One would expect that she would want to give this information at the earliest opportunity. It is surprising to me that she did not give the information to the police at the earliest opportunity. PW2 did not even go back within the month. She went back 72 days later to give the information. I am of the firm view that P.W.1 and P.W.2 did not recognise the Appellant at the time the offence was committed but claimed to identify him as their assailant months later, as a result of the discussion of PW2 with PW5.
Armed with a name of a possible suspect, the Police set about their subjective investigation. No satisfactory explanation has been given for PW1 and PW2's lapses in memory. Witnesses have the duty to tell the police as much as they know of a crime at the earliest opportunity in order to be seen as witnesses of truth and a Court of law must be careful in accepting delayed evidence when no satisfactory explanation is given. See Ani v. State (2002) 5 S.C;(2002) 10 NWLR (Pt. 776) 644; (2002) LPELR- 489 SC Ndidi v. State (2005) 17 NWLR (Pt. 953) 17; (2005) LPELR-7550 CA.
The extra judicial statement of a witness in a criminal trial is inadmissible as evidence for either side. The admissible evidence is the evidence on oath in open Court by the witness which is subject to cross examination by the adverse party. The only time when an extra judicial statement of a witness is admissible is where a party seeks to use it to contradict the evidence of a witness already given on oath. The defence witnesses will ask for the statement and give reasons to the Court for doing so. On production by the Prosecution, the defence counsel must seek to tender it and refer to specific passages which contradict the evidence of the witness. After it has been admitted in evidence, the specific portions of the statement of the witness made to the Police must be shown to the witness to read out or counsel may read it out to the witness. The witness must be given an opportunity to explain the contradiction. Failure by the witness to explain the contradiction in the evidence on oath of the witness and the contents of the extra judicial statement can then be used to make an issue during defence counsel's address. See S. 232 and 233 of the Evidence Act 2011. The Court is not allowed to pick and choose between the two statements. See State v. Fatai Azeez & Ors (2003) 4 SCNJ 325; Igenti v. State (2013) LPELR-2086 (CA). At page 125-126 of the Record, the learned trial judge held thus:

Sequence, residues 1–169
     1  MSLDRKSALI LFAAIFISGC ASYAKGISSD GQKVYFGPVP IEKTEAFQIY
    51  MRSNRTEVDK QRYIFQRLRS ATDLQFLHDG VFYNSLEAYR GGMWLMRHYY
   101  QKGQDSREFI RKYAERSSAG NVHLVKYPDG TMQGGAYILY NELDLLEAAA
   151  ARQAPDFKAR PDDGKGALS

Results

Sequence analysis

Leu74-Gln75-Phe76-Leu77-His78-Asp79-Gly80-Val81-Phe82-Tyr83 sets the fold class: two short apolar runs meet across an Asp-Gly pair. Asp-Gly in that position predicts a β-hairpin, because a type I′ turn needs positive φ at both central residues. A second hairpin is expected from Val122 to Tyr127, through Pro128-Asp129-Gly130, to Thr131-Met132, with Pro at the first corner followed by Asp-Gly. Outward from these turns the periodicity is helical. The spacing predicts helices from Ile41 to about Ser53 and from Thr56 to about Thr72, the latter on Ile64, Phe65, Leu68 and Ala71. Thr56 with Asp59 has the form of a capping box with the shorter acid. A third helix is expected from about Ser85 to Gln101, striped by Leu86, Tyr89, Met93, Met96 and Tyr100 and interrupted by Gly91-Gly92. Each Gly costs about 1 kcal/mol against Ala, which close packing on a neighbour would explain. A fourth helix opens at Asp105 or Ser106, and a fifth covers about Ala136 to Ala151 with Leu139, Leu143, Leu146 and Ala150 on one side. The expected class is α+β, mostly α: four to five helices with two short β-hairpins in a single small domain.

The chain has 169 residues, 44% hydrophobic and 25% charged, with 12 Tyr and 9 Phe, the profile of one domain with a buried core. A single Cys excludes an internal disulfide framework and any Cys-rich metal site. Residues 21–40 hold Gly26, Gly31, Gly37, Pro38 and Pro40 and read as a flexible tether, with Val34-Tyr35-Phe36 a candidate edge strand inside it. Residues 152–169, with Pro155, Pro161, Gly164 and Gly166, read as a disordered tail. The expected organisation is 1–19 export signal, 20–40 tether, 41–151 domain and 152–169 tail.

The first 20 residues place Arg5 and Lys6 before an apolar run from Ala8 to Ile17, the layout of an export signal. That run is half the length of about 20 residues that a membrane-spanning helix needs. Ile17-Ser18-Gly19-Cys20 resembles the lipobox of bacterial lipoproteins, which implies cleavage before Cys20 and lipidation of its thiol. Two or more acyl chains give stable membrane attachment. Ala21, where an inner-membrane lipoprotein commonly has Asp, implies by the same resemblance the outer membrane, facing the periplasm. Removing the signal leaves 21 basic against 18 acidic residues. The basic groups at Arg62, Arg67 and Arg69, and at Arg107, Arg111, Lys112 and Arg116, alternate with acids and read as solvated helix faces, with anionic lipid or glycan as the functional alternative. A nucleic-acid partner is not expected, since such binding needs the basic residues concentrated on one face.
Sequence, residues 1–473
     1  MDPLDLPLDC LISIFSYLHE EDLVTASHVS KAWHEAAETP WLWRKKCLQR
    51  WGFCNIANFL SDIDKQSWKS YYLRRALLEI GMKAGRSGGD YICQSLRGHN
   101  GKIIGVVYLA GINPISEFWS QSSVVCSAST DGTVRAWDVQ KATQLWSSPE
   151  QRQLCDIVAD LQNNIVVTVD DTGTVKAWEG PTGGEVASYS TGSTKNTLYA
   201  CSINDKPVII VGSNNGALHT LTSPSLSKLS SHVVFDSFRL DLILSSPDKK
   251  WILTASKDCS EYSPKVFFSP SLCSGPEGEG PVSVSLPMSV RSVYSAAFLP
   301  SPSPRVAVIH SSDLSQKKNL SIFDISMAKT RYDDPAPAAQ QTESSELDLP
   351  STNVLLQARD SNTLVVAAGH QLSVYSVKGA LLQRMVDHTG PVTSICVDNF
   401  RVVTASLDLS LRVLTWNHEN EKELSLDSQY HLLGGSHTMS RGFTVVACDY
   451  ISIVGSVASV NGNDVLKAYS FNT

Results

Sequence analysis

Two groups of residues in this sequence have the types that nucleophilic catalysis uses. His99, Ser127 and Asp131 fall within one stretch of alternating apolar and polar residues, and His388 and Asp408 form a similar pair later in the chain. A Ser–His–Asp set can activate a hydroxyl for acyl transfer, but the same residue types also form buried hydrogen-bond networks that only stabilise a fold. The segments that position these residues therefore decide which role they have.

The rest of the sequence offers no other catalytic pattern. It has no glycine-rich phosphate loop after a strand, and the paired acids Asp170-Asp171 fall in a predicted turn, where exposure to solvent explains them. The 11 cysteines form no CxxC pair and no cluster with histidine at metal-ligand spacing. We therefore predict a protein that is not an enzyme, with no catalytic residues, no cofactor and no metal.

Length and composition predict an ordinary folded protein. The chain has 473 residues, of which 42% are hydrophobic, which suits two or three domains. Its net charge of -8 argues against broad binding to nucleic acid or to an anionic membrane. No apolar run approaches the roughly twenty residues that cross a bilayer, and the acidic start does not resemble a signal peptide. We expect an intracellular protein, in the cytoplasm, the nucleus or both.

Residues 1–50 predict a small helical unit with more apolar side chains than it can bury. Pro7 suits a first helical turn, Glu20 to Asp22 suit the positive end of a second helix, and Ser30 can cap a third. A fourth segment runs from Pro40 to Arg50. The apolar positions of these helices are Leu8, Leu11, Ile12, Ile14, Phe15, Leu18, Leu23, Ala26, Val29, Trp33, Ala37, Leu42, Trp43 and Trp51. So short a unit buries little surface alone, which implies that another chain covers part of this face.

"PW4 testified how not finding the efforts at Inland Town Police Station helpful, he began his own separate investigation which led to the arrest of the accused person on 19 11/7/08. The interim police report as in Exh F has nothing much to offer. PW4 compiled a fuller report which was admitted as Exh H. I have earlier held that an identification parade was not necessary in this case since PW2 knew the accused person before the day of the alleged robbery. Apart from the fact that evidence of PW5 corroborated that of PW2, it also introduced evidence of character of accused person. This evidence was contained in the Statements made to the Police by PW2 and PW5, admitted in evidence as Exhs C and J respectively. An attempt by PW2 to give the evidence was successfully objected to as being hearsay evidence. However, the evidence of PW5 in Exh. J as follows and I quote from Exh J inter alia "Sometime in January 2008 as the same Ugwunabankpa Inland Town Onitsha, he wanted to snatch a Honda Car property of my friend called Ifeoma Chibundu but when he noticed that I was inside the car he allowed us to go and snatched the vehicle behind us. I know that he is a notorious armed robber and a cocaine dealer. He has been coming to my shop to buy something, almost everybody in Umusiome knows him as an armed robber and we are all afraid of him." The learned counsel for the defence did not cross examine PW5 on this issue. I think that the above evidence of character and past conduct weighs heavily against the accused person."